New Census Data Demand Action on Inequality and Poverty
The U.S. Census Bureau released data this week showing little to no improvement in poverty and family incomes in 2014, despite a falling unemployment rate.
This frustrating state of affairs is directly related to high levels of inequality and stagnant wages, which have kept poverty rates much higher than they should be given that we’ve had more than five straight years of economic growth. The problem is that despite workers’ increased productivity and higher levels of education, the economic gains have concentrated at the top of the income ladder, leaving workers with flat or declining wages and chronic economic insecurity.
It’s clear that we need more aggressive action on inequality and poverty. But, at the same time, the Census data also confirm the dramatic role that our social insurance and assistance programs play in protecting families from hardship and boosting economic security for low- and middle-income families.
For example, the Supplemental Poverty Measure, which takes into account a more comprehensive set of family resources and expenses, shows that last year Social Security lifted 25.9 million people out of poverty and the Earned Income and Child Tax credits kept 9.8 million people out of poverty. Similarly, the Supplemental Nutrition Assistance Program (SNAP) and affordable housing protected 4.7 million and 2.5 million people, respectively. Moreover, recent research shows that without our nation’s social safety net, the poverty rate would be nearly twice as high—with nearly 30 percent of Americans living in poverty!
The safety net assists working-age people across all levels of education. The combination of these programs—ranging from Social Security and Unemployment Insurance to nutrition assistance and tax credits for working-class families—boosted the average income of the most vulnerable workers by 22 percent. For working-age people with a post-secondary education, average incomes increased by between 6 and 12 percent.
These policies don’t just lift families above our meager poverty line. They boost long-term employment, educational, and health outcomes for children, and increase family economic security in an economy that is increasingly only working for the wealthy few.
In order to build on the successes of these programs we need to act now and implement policies that we know work: boost wages and labor standards for low-wage workers and promote full employment; invest in nutrition, education, affordable housing, healthcare, and tax credits like the Earned Income Tax Credit (EITC) and the Child Tax Credit (CTC); and remove barriers that keep people trapped in poverty such as our broken criminal justice system and predatory loans.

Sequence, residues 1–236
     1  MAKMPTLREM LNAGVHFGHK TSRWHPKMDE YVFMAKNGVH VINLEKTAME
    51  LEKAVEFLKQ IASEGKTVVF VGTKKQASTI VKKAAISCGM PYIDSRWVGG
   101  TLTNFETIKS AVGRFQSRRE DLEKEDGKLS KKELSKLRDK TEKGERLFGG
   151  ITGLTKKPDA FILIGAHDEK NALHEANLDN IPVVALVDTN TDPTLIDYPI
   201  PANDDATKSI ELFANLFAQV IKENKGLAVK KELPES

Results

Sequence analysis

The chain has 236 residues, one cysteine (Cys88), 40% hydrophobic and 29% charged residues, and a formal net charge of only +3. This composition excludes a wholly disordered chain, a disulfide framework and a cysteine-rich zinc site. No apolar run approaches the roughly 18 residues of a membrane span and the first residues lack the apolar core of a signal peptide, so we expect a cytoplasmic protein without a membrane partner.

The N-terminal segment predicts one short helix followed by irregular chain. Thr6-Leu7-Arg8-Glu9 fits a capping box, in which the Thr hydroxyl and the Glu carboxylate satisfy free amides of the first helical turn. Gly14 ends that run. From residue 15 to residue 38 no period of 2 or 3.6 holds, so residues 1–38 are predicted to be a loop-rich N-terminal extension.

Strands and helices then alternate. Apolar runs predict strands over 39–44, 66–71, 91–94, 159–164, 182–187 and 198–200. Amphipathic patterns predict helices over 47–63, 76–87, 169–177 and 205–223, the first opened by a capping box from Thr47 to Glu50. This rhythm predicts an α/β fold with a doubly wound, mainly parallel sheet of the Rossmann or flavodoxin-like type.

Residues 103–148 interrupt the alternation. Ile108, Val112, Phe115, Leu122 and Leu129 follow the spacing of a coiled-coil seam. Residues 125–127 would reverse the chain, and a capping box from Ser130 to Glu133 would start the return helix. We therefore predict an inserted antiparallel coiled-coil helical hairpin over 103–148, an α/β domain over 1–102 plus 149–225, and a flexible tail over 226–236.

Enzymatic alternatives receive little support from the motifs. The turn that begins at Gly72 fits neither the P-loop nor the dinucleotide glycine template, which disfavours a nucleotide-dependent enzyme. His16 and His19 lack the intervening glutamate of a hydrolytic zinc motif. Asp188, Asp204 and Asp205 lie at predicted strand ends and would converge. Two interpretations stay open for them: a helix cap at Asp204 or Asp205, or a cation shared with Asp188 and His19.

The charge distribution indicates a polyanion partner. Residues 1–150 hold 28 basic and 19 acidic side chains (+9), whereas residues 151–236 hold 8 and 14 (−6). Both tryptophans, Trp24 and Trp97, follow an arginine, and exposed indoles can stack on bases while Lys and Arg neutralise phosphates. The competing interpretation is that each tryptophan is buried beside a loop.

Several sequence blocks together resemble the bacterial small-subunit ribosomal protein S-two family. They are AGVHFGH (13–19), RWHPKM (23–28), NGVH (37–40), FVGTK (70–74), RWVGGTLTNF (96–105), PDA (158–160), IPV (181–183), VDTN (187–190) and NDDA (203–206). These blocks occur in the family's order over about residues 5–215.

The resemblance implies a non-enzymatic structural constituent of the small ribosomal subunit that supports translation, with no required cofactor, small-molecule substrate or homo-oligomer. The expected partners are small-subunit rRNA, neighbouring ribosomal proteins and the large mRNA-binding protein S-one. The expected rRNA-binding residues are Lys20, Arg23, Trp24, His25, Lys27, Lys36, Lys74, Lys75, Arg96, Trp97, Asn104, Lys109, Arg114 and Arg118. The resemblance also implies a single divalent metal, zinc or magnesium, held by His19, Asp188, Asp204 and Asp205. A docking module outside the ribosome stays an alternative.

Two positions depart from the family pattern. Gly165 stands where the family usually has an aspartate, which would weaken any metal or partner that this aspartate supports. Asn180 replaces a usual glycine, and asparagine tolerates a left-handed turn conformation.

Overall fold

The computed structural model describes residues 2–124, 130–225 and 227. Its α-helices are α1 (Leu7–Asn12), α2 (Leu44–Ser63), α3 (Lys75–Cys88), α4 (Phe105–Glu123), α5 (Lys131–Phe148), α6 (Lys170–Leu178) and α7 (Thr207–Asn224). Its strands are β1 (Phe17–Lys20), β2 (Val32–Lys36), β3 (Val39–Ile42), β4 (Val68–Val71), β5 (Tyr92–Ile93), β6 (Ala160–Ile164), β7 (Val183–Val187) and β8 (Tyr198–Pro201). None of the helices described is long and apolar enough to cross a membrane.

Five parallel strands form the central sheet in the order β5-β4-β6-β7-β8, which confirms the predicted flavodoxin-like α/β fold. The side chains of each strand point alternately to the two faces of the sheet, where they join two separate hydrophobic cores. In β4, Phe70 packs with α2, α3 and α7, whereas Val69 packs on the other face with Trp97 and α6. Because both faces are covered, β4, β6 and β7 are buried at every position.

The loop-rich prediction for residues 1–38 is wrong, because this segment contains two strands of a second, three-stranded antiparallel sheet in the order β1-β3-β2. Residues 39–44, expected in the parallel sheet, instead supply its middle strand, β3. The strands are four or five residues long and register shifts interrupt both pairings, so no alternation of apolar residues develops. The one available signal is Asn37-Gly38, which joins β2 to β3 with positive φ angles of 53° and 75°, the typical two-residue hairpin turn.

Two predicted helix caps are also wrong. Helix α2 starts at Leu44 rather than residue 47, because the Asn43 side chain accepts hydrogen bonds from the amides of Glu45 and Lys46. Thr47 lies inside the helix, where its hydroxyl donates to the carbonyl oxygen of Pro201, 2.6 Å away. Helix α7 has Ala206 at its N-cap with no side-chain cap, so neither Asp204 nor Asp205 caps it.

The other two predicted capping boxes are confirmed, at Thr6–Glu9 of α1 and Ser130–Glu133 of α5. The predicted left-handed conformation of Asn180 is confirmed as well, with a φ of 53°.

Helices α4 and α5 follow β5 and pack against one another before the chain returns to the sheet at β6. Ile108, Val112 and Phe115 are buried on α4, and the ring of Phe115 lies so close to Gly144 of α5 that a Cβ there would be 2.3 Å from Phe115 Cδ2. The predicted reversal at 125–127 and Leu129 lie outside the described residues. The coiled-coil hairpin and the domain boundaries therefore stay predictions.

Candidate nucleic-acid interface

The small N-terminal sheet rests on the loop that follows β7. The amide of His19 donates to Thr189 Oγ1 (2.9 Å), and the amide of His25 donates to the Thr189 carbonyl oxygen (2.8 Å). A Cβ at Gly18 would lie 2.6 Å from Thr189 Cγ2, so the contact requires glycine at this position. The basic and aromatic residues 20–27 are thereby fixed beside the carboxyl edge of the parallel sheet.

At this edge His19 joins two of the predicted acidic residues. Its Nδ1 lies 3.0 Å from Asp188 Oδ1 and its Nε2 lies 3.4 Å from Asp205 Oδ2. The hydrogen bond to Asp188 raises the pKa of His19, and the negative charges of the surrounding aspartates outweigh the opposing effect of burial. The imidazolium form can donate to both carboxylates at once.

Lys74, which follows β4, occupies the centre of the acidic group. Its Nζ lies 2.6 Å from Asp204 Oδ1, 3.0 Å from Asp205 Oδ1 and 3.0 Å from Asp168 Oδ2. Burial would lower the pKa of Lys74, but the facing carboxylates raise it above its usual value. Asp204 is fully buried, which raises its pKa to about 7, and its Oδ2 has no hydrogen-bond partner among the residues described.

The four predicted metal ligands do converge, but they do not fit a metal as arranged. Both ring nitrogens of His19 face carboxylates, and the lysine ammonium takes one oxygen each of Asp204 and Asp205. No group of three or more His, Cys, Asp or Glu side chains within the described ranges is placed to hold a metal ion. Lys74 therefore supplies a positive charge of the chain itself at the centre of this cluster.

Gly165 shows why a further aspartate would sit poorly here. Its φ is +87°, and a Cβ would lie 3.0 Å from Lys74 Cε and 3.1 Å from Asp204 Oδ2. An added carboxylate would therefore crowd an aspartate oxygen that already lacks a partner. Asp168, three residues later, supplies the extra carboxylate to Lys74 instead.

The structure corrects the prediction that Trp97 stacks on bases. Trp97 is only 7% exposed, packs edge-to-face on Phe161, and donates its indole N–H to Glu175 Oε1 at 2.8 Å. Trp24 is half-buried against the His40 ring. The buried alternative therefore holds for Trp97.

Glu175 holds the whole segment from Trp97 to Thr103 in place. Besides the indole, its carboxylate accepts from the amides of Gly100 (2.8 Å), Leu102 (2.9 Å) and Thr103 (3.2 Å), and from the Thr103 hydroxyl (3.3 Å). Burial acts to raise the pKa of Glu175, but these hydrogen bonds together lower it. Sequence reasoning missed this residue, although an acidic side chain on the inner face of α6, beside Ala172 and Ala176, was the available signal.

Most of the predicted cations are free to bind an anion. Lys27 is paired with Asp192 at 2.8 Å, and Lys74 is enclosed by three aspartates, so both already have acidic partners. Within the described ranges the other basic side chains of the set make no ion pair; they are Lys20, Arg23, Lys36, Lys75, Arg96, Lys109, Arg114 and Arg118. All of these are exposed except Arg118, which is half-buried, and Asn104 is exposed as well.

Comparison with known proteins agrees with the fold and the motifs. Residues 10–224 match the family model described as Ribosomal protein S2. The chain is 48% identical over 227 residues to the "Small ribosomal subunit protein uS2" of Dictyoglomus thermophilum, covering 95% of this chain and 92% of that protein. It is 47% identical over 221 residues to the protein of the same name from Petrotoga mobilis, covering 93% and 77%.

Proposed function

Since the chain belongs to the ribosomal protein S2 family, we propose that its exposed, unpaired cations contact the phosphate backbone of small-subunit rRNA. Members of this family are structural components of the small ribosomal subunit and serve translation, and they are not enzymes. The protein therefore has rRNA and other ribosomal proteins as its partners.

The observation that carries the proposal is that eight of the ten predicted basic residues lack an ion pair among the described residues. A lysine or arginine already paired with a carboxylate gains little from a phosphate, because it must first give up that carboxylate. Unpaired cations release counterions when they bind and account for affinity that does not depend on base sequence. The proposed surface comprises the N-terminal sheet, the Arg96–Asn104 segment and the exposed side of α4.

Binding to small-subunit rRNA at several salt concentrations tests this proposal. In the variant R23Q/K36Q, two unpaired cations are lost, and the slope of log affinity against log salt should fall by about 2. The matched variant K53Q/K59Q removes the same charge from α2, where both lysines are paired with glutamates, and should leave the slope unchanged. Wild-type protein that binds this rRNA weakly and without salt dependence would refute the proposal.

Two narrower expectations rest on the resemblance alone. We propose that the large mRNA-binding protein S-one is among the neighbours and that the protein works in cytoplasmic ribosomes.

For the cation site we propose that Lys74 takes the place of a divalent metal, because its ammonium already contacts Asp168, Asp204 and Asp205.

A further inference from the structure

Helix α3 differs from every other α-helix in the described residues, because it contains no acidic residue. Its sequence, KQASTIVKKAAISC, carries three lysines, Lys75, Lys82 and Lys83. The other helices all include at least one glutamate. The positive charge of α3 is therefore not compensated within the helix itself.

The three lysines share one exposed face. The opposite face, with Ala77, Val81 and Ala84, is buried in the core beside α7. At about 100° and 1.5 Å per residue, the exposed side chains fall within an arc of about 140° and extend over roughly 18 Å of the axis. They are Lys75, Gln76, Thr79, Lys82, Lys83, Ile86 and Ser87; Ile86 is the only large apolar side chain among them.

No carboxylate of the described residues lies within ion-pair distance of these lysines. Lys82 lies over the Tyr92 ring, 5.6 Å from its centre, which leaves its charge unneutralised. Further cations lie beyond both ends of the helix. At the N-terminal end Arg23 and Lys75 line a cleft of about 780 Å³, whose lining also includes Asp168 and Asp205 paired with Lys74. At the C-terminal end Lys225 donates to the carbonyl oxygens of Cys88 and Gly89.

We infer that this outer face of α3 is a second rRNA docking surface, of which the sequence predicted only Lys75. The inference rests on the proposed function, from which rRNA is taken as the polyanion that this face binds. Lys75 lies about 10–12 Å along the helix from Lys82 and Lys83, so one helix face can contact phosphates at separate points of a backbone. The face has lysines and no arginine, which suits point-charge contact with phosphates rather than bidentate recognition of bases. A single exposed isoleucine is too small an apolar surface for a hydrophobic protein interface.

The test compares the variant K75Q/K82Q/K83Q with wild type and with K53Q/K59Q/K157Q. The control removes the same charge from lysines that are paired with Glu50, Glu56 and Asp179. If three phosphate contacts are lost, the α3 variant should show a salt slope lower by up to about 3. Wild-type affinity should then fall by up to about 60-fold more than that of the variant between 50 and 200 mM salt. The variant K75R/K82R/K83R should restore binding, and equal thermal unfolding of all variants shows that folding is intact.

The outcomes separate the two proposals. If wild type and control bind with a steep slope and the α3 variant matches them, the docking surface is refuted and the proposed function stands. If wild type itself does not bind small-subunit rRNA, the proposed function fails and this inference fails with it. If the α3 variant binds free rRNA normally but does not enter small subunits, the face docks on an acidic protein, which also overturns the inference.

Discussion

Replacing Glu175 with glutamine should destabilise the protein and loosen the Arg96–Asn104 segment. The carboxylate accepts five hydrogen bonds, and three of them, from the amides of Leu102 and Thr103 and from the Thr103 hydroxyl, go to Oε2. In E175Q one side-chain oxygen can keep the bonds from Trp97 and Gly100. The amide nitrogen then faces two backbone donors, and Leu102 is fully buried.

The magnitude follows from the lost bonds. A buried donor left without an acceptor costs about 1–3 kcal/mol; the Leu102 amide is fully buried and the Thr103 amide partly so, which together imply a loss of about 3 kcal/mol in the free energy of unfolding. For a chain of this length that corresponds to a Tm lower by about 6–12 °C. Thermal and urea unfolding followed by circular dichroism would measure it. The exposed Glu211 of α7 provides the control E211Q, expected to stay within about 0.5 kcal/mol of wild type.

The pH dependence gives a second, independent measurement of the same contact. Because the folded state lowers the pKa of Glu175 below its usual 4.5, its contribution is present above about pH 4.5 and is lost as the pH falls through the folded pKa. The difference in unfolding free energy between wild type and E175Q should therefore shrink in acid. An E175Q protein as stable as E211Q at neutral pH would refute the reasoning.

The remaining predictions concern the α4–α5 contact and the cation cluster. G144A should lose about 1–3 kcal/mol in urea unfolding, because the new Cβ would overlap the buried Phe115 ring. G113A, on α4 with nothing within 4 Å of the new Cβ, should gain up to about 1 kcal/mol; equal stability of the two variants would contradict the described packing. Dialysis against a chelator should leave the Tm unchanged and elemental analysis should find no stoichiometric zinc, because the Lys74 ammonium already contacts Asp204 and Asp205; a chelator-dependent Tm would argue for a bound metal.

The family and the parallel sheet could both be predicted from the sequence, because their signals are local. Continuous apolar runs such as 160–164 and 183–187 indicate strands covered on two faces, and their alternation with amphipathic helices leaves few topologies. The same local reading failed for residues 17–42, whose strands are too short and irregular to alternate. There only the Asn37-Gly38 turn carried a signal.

Thankfully, we’re seeing progress on many of these fronts. We learned from the new data that last year the Affordable Care Act resulted in the largest drop in the uninsured rate since the Census Bureau began tracking it— there were 8.8 million fewer people without health insurance than in the preceding year. There is now bipartisan momentum to reform the criminal justice system. Workers are organizing for a higher minimum wage in states across the country. Finally, a new overtime rule from the Obama administration would boost pay for millions of workers.
The bad news is that vital programs are at risk of cuts. Conservatives have already indicated that they will not make a routine fix to Social Security’s funding formula without extracting a pound of flesh through cuts to critical programs for people with disabilities. Key provisions in the EITC and CTC are set to expire in 2017; if Congress fails to act, it would push 16 million Americans into poverty or deeper into poverty. The House and Senate Republican Budgets deeply slash SNAP and Medicaid. And the tight caps and cuts to annual funding levels caused by sequestration and the Budget Control Act of 2010 have left critical investments such as those in affordable housing and education vulnerable to even deeper cuts.
Basic economic security would be weakened by conservative budget proposals this year, despite the fact that no policymaker’s district is immune from poverty. The tables below shows the poverty and child poverty rates in the districts represented by Members of the Senate Finance and House Ways and Means committees, which have jurisdiction over key antipoverty programs like Social Security, and the Earned Income and Child Tax credits.
The new Census data underscore that we still have a lot of work to do when it comes to reducing poverty and inequality. We know the good policies that we need right now. It’s time to turn up the heat and call on all of our representatives to make good policy a reality.
House Committee on Ways and Means
|Name||Party||District||Overall Poverty Rate||Child Poverty Rate|
|Dave G. Reichart||R||WA-8||10.35%||13.15%|
|Charles W. Boustany Jr.||R||LA-3||17.61%||23.20%|
|Kristi Noem||R||SD-At Large||14.17%||17.67%|
|Sander M. Levin||D||MI-9||14.89%||23.31%|
|Charles B. Rangel||D||NY-23||29.77%||38.90%|
|Richard E. Neal||D||MA-1||15.46%||23.03%|
|John B. Larson||D||CT-1||11.74%||16.62%|
|Bill Pascrell Jr.||D||NJ-9||17.25%||24.03%|
Senate Committee on Finance
|Name||Party||State||Overall Poverty Rate||Child Poverty Rate|
|Orrin G. Hatch||R||UT||11.73%||13.00%|
|Michael B. Enzi||R||WY||11.19%||12.10%|
|Patrick J. Toomey||R||PA||13.60%||18.99%|
|Charles E. Schumer||D||NY||15.93%||22.24%|
|Thomas R. Carper||D||DE||12.48%||17.51%|
|Benjamin L. Cardin||D||MD||10.11%||12.70%|
|Michael F. Bennett||D||CO||12.04%||15.12%|
|Robert P. Casey, Jr.||D||PA||13.60%||18.99%|
|Mark R. Warner||D||VA||11.80%||15.47%|